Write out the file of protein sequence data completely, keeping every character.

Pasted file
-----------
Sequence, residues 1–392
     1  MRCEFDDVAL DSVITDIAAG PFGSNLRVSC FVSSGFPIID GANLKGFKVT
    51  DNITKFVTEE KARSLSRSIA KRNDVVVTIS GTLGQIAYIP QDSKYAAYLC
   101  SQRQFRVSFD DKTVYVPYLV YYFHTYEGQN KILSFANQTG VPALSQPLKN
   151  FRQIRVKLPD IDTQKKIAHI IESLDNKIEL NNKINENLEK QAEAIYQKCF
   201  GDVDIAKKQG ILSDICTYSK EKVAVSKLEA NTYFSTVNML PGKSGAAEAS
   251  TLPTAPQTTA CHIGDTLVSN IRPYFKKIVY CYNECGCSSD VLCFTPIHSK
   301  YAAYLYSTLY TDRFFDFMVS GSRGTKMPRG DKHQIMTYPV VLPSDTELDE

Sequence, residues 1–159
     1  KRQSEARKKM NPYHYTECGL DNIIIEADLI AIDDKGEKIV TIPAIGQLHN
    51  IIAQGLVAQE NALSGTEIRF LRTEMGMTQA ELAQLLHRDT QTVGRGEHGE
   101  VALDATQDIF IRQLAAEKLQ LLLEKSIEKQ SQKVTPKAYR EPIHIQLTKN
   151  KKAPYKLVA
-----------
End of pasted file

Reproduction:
Sequence, residues 1–392
     1  MRCEFDDVAL DSVITDIAAG PFGSNLRVSC FVSSGFPIID GANLKGFKVT
    51  DNITKFVTEE KARSLSRSIA KRNDVVVTIS GTLGQIAYIP QDSKYAAYLC
   101  SQRQFRVSFD DKTVYVPYLV YYFHTYEGQN KILSFANQTG VPALSQPLKN
   151  FRQIRVKLPD IDTQKKIAHI IESLDNKIEL NNKINENLEK QAEAIYQKCF
   201  GDVDIAKKQG ILSDICTYSK EKVAVSKLEA NTYFSTVNML PGKSGAAEAS
   251  TLPTAPQTTA CHIGDTLVSN IRPYFKKIVY CYNECGCSSD VLCFTPIHSK
   301  YAAYLYSTLY TDRFFDFMVS GSRGTKMPRG DKHQIMTYPV VLPSDTELDE

Sequence, residues 1–159
     1  KRQSEARKKM NPYHYTECGL DNIIIEADLI AIDDKGEKIV TIPAIGQLHN
    51  IIAQGLVAQE NALSGTEIRF LRTEMGMTQA ELAQLLHRDT QTVGRGEHGE
   101  VALDATQDIF IRQLAAEKLQ LLLEKSIEKQ SQKVTPKAYR EPIHIQLTKN
   151  KKAPYKLVA